How do central bank collateral frameworks affect non-financial firms?

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Central banks implement financial policy by extending credit to banks, for instance via standing facilities or lengthy-term refinancing operations. Additionally to setting policy rates, central banks also specify within their collateral framework which financial assets banks can pledge to acquire central bank funding. Ideas discuss the style of collateral frameworks for that situation of corporate sector assets. Many of the relevant in countries in which the way to obtain safe government bonds is inadequate to satiate collateral demand.

Since corporate sector assets are susceptible to default risk, central banks expose themselves to additional risks when accepting these assets as collateral. Therefore, corporate bonds are just qualified as collateral when they satisfy the absolute minimum rating requirement. Throughout the economic crisis of 2008/09, several central banks began accepting corporate bonds and related debt instruments or relaxed the eligibility needs for such assets (see table 1). By extending the swimming pool of qualified assets, this so-known as collateral easing policy ensures smooth conduct of financial policy.

Table 1. Non-Financial Corporate Bonds in Various Collateral Frameworks

 Central Bank  Pre GFC  Post GFC  Post Covid-19
 (Min. Rating)  (Min. Rating)  (Min. Rating)
 Australia  No  Yes (AAA)  Yes (BBB)
 Eurosystem  Yes (A)  Yes (BBB)  Yes (BB, temporarily)
 Japan  Yes (A)  Yes (BBB)  Yes (BBB)
 Switzerland  Yes (AA)  Yes (AA)  Yes (AA)
 United Kingdom  No  Yes (A)  Yes (A)
 United States  Yes (AAA)  Yes (AAA)  Yes (BBB)

Assessing the results of collateral easing should also consider endogenous responses from the non-financial sector – the collateral supply side. These responses originate from the eligibility premia that banks are prepared to purchase holding qualified assets and therefore are documented in Todorov (2020), Pelizzon et al. (2020) and Mesonnier et al. (2021). Grosse Rueschkamp et al. (2019) reveal that especially highly regarded firms react to lower eligibility needs by growing their debt issuance and leverage, which has unwanted effects on their own repayment performance.1

Within our new paper, we read the impact of eligibility needs around the debt issuance and default chance of firms and discuss how relevant these firm responses are suitable for the potency of collateral easing. Our analysis is dependant on an engaged corporate capital structure model, augmented by eligibility premia. These premia lessen the costs of debt financing and for that reason make debt issuance more appealing. We organize our analysis round the qualified debt capacity, which we define as the quantity of bonds firms can issue before shedding underneath the minimum rating needs.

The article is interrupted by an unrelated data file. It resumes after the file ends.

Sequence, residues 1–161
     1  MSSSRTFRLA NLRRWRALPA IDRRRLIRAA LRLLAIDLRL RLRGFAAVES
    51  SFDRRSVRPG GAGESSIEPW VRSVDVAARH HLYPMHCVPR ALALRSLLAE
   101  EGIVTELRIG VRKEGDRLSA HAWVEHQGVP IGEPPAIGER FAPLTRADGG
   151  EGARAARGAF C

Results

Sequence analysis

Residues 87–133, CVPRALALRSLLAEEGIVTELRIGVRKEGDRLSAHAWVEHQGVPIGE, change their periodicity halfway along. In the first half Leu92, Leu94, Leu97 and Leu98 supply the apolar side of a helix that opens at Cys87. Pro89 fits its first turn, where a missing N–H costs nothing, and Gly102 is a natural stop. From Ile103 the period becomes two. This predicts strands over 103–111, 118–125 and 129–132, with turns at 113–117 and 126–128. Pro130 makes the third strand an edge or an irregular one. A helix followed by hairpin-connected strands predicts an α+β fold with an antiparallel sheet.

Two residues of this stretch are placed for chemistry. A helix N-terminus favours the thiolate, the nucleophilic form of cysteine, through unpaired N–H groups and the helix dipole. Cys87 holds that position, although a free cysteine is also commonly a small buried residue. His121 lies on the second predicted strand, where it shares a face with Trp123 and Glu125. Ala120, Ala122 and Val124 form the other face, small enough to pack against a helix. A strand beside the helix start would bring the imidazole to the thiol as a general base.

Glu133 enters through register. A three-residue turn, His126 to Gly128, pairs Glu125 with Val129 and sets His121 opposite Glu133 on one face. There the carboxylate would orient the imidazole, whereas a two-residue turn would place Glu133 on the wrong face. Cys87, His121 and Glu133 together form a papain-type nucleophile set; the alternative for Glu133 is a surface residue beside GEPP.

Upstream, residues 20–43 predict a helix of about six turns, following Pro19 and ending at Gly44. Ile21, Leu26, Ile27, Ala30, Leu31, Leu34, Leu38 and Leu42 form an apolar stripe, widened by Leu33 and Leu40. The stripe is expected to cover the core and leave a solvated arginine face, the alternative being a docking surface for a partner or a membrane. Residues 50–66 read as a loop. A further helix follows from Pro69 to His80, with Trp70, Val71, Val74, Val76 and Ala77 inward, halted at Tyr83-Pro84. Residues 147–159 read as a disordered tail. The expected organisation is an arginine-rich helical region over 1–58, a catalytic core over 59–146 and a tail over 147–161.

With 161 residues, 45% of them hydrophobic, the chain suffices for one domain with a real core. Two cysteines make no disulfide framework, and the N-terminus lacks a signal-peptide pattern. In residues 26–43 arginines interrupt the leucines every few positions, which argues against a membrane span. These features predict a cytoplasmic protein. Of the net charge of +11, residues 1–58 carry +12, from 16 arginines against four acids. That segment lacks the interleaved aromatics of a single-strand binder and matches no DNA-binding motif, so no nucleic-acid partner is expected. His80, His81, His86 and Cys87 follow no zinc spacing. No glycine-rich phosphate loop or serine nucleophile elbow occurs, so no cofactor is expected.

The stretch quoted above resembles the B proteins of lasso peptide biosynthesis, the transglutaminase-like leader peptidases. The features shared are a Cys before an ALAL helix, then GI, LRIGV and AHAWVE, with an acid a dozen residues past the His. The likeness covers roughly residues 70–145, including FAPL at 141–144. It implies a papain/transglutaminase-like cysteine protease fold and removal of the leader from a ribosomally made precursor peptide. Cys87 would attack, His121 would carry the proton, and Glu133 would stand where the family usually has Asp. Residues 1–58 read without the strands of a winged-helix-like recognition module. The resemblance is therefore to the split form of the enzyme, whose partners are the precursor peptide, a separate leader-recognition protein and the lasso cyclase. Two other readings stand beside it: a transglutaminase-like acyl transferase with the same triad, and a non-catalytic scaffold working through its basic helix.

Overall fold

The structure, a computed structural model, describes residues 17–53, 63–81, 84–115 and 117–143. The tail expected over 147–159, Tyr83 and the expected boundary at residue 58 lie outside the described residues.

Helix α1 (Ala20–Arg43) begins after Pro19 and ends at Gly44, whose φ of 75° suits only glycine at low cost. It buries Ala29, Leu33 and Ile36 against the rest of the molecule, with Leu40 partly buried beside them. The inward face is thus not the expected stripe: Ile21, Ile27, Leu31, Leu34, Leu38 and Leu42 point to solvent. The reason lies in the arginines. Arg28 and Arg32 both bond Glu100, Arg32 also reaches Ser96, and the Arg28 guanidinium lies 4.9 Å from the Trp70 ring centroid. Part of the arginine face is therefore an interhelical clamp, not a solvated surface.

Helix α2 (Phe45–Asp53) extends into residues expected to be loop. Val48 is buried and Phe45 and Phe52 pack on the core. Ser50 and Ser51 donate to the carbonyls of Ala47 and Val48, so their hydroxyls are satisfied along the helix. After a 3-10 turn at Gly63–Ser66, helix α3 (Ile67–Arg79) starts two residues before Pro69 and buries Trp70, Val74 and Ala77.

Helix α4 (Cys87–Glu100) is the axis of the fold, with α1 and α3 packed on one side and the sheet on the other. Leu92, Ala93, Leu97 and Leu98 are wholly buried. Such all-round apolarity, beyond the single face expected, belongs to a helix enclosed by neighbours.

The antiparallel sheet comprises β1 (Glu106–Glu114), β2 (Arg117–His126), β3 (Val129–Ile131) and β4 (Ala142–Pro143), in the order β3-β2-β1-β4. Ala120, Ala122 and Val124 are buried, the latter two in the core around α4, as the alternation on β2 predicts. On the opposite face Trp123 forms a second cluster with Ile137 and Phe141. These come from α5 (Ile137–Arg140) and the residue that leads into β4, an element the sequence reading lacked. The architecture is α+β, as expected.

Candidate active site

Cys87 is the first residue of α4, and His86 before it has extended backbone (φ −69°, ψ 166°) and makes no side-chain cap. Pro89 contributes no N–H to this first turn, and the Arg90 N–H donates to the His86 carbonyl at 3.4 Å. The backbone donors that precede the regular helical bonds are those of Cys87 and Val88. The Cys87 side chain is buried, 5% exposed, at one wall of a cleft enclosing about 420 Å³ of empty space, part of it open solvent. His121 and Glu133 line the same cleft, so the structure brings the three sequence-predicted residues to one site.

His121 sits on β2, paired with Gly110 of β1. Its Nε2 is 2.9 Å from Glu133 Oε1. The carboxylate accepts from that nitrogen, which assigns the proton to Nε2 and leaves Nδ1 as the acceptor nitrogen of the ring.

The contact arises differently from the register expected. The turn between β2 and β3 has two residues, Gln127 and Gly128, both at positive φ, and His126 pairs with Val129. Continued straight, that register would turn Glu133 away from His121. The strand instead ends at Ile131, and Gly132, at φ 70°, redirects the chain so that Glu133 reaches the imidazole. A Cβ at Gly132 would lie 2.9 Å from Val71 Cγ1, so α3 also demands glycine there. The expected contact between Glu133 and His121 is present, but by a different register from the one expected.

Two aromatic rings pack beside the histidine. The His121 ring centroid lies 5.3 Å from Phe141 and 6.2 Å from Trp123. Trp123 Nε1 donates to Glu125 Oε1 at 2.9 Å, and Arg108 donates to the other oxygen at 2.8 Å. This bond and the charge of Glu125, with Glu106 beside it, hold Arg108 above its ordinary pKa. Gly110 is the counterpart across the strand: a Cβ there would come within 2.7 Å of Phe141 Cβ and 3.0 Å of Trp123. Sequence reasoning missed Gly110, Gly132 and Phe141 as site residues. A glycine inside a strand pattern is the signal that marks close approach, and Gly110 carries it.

Lucrative firms – that do not exhaust their qualified debt capacity – react to collateral easing by growing their debt issuance: a danger-taking effect. Individuals firms make the most of cheaper debt financing while increasing dividends. By comparison, less lucrative firms react to the possibilities of eligibility by constraining their debt option to take advantage of the eligibility premia banks are prepared to pay on their own bonds: a disciplining effect.2

Then we assess the results of collateral easing from the to BBB – in conjuction with the European Central Bank’s policy in 2008 – with the lenses in our model. A discount from the minimum rating for eligibility robotically boosts the way to obtain collateral with a substantial amount. Simultaneously, endogenous firm responses come with an adverse impact on collateral supply. While the quantity of corporate bonds outstanding rises, elevated default risk (and also the connected rating downgrades) depresses the quantity of qualified bonds. In line with empirical evidence in the firm level, the danger-taking effect exceeds the disciplining impact on the macroeconomic level. We illustrate the macroeconomic relevance of firm responses in figure 1: the particular collateral supply is marked in blue, and also the orange bars represent the furthermore available collateral within the hypothetical scenario where firms don’t change their behavior as a result of collateral easing.